“This has just caused chaos,” said Alena Zachery-Ross, superintendent of the Muskegon Heights Public School Academy System, where one school is slated to close. “The state Reform Office has caused even more distrust in our education system. It causes us to look like we’re disjointed.”
State Sen. Phil Pavlov, a St. Clair Republican who chairs the education committee, agreed that the process has “created a mass amount of confusion statewide and disrupted not only school personnel, but the student population at the same time.”
Pavlov has introduced legislation to repeal Michigan’s so-called “failing schools” law, which was implemented in 2010 but has not been aggressively used by the state until now. He wants to replace it with something more consistent and “predictable,” but it’s not yet clear what that might look like.
“Let me be very clear, I’m not going to apologize for failure in any school district,” said Pavlov, who has stopped short of calling for a halt in planned closures.
Current law gives the School Reform Office multiple options for intervening in schools that consistently rank among the state’s worst, including closure or appointment of a building-level chief executive.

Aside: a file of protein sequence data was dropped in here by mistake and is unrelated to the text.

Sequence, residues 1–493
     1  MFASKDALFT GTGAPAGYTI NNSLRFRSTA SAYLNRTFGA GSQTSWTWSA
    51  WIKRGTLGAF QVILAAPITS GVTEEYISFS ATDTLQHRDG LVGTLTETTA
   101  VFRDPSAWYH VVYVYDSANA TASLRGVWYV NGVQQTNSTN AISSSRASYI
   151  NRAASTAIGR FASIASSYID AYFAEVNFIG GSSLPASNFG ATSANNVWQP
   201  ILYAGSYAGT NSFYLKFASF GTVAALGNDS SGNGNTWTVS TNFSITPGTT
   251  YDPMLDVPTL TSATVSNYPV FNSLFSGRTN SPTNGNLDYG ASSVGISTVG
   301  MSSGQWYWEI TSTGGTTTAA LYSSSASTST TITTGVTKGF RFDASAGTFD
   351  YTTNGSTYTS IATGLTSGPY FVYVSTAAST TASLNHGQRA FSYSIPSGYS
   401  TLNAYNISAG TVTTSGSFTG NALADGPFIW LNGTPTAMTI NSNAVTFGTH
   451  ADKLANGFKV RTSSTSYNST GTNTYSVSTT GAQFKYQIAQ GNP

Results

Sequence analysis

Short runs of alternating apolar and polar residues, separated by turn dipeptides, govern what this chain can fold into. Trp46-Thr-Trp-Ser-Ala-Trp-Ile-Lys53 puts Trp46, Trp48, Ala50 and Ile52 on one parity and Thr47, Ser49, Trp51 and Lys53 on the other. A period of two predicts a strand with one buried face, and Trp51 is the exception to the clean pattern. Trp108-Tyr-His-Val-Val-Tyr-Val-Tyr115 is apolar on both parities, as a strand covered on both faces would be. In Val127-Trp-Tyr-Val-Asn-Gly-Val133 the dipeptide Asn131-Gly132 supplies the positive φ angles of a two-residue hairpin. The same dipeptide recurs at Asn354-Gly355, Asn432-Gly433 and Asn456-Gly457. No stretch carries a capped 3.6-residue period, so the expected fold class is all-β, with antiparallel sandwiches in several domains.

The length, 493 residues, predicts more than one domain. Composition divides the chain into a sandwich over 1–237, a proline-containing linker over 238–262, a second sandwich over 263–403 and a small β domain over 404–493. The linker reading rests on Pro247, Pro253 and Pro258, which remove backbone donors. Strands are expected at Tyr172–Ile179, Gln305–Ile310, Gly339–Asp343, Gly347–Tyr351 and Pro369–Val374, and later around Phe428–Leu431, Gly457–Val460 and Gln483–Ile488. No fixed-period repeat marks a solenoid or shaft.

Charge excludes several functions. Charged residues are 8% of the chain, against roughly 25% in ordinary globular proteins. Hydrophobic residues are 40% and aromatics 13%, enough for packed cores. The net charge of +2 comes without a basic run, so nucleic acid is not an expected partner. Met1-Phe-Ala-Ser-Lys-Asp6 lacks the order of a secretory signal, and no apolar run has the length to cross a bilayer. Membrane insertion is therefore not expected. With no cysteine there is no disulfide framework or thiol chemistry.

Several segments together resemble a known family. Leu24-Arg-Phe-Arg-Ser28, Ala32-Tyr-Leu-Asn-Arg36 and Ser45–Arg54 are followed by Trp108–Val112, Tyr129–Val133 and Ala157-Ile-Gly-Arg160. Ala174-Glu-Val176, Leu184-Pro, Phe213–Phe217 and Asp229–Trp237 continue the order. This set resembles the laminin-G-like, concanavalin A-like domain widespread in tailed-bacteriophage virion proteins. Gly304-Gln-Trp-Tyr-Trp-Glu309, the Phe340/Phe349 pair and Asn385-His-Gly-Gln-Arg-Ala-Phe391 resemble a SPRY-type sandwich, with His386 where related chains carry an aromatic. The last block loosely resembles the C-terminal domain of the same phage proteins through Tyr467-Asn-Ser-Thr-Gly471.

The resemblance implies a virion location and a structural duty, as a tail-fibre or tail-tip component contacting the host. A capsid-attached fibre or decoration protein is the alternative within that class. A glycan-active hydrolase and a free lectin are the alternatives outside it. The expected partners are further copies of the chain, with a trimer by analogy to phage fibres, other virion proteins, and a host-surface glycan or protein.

East Detroit Public Schools has the “dubious” distinction of being the first and only school district with a state-appointed CEO, said Superintendent Ryan McLeod. CEO Gary Jensen was appointed in June, a decision the district has fought in court.
“The SRO and CEO have distracted our teachers and principals from the real work of improving teaching and learning,” McLeod said. “They’ve eroded the confidence of our community who have a vested interest in the success of our schools.”
The Eastpointe school district also got conflicting messages from the state two weeks ago. Three East Detroit school were removed from a priority list for struggling schools, which McLeod argued was a sign of district-wide progress. But a fourth school – Kelly Middle — made the closure list despite also meeting its proficiency improvement target last year.